Does an orange peel a day keep cats away?

There’s an increasing conflict in my garden between trying to start the vegetable growing season and cats upending earth to bury their business. Or, indeed, just leaving it lying on the surface.

It could be foxes, but I think I have seen the worst feline offenders. I might have even caught them in the act of digging, before shooing them away. There was a nice big hole left in my main pot of carrots, which are only in their embryonic stages. Some of the seedlings were destroyed. I think I managed to rescue some others.

There is, apparently, a solution: orange peel. The cats can’t stand the smell.

Does that sound like an old wives’ tale? Advice that somehow has been passed down generations as fact but has a dubious success rate?

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Parallels between football’s ESL and climate crisis

A post about football might not be the most obvious fit for an environmental blog. But bear with, there are parallels to be drawn. This week, we have had Earth Day, an annual event used by new United States President Joe Biden to try to set the climate agenda he promised in his election campaign.

But in football we also had “What on earth?!” day, when six clubs from the Premier League announced their involvement in a European Super League (ESL) project. A closed door one, just for the elite.

It sparked protests from fans. Socially distanced? Perhaps. But respectful nonetheless. No riot police needed. These were non violent, in-person protests demonstrating outrage at the idea. A notion fostered by money-focused owners without even consultation of their football managers or teams, perhaps not wholly even their boards of directors. Although a report today suggests the media teams were briefed a week ago.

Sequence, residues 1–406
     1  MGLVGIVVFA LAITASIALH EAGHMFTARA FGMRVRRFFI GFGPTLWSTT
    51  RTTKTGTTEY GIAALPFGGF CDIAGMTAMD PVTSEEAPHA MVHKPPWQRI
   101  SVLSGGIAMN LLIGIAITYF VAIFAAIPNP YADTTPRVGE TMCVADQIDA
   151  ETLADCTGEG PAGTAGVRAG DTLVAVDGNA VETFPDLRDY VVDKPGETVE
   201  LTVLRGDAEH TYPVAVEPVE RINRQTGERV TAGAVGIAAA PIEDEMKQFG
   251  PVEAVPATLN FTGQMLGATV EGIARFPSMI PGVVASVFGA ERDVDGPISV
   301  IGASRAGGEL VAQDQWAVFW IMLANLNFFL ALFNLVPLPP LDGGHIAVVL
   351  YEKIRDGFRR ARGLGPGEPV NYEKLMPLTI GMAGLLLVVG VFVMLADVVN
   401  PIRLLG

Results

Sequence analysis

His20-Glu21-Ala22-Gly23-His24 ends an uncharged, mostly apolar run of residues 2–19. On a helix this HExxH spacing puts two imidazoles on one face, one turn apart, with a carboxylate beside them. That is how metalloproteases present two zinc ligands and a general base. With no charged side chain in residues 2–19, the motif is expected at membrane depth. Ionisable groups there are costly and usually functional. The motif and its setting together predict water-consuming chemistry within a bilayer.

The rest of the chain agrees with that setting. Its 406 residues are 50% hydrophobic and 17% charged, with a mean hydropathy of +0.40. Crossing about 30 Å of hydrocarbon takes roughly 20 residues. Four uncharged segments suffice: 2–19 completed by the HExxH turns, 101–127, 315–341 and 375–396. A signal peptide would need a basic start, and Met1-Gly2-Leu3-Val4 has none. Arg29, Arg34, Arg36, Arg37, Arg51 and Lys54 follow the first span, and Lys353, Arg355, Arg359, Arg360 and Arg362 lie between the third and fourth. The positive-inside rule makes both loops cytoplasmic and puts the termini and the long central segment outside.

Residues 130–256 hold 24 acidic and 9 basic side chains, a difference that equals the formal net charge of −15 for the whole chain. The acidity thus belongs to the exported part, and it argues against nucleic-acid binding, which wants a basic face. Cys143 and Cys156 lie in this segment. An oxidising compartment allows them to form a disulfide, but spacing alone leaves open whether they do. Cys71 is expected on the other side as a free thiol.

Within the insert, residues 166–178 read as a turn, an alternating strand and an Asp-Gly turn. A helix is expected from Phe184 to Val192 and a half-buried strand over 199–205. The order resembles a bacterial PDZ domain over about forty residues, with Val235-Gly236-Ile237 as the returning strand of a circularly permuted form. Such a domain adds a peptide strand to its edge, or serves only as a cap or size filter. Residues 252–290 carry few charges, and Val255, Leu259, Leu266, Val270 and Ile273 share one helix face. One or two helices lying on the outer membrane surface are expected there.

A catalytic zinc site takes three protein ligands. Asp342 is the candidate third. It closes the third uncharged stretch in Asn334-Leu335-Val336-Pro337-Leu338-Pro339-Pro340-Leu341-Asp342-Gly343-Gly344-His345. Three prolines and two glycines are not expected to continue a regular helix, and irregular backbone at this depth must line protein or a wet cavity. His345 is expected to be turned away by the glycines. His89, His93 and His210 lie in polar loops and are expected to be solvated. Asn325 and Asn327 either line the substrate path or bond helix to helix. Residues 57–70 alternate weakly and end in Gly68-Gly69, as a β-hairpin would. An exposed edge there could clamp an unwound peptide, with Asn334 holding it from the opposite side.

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Non-toxic pet waste

Ask election hopefuls to sort pet waste discrepancy

What are you going to ask your candidates when they come knocking on your door ahead of the May 6 local elections?

A reduction in taxes to help UK residents get back on their feet after Covid? That’s national level politics. There must be an abundance of issues that Reigate and Banstead borough, or Surrey County, councillors could affect, from elderly and social care to education and rubbish.

It might seem well down the list for many people. But I was glad to see someone else, via Twitter, have a moan that Reigate and Banstead Borough Council do not collect organic pet waste.

On the “no thank you” list for the brown garden waste bin, Reigate and Banstead lists “animal or pet bedding”. The reason is that they do not want cat or dog waste, because it is toxic. Witness when you have to remove stray feline excrement from the vegetable patch!

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A seagull could be affected by wind turbines

New answer to wind farm blades: Skybrators

Does it ever seem that every time mankind invents a solution to tackle a problem within the climate change sphere, the solution creates another problem?

Electric vehicles, for example, might not need removal of carbon emissions for petrol. But carbon emissions are, nonetheless, created, mostly by the process of making the vehicles. And of course they need batteries and for that we still need to mine the earth. The full solution is to use public transport, of course.

Likewise, while solar panels mean we don’t have to burn fossil fuels for heating, their manufacture still requires metals and the batteries to store energy require us to mine the earth. We are working through a series of “least worst” options.

These thoughts came to mind when I read about Skybrators – the reinvented wind turbine. A company in Spain, Vortex Bladeless, has invented the bladeless version, solving various complaints about wind turbines.

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Five ways to lead a more sustainable life

Many institutions have been actively campaigning for a more sustainable world and tackling climate change for years.

This year, A Rocha UK celebrates 20 years of campaigning on conservation. It began as a local Christian conservation project in Southall, West London. Now, it runs an eco-church scheme which gives out bronze, silver and gold standards to churches that can demonstrate various levels of protecting and restoring nature on land they manage. This inspires organisations to take climate protecting action.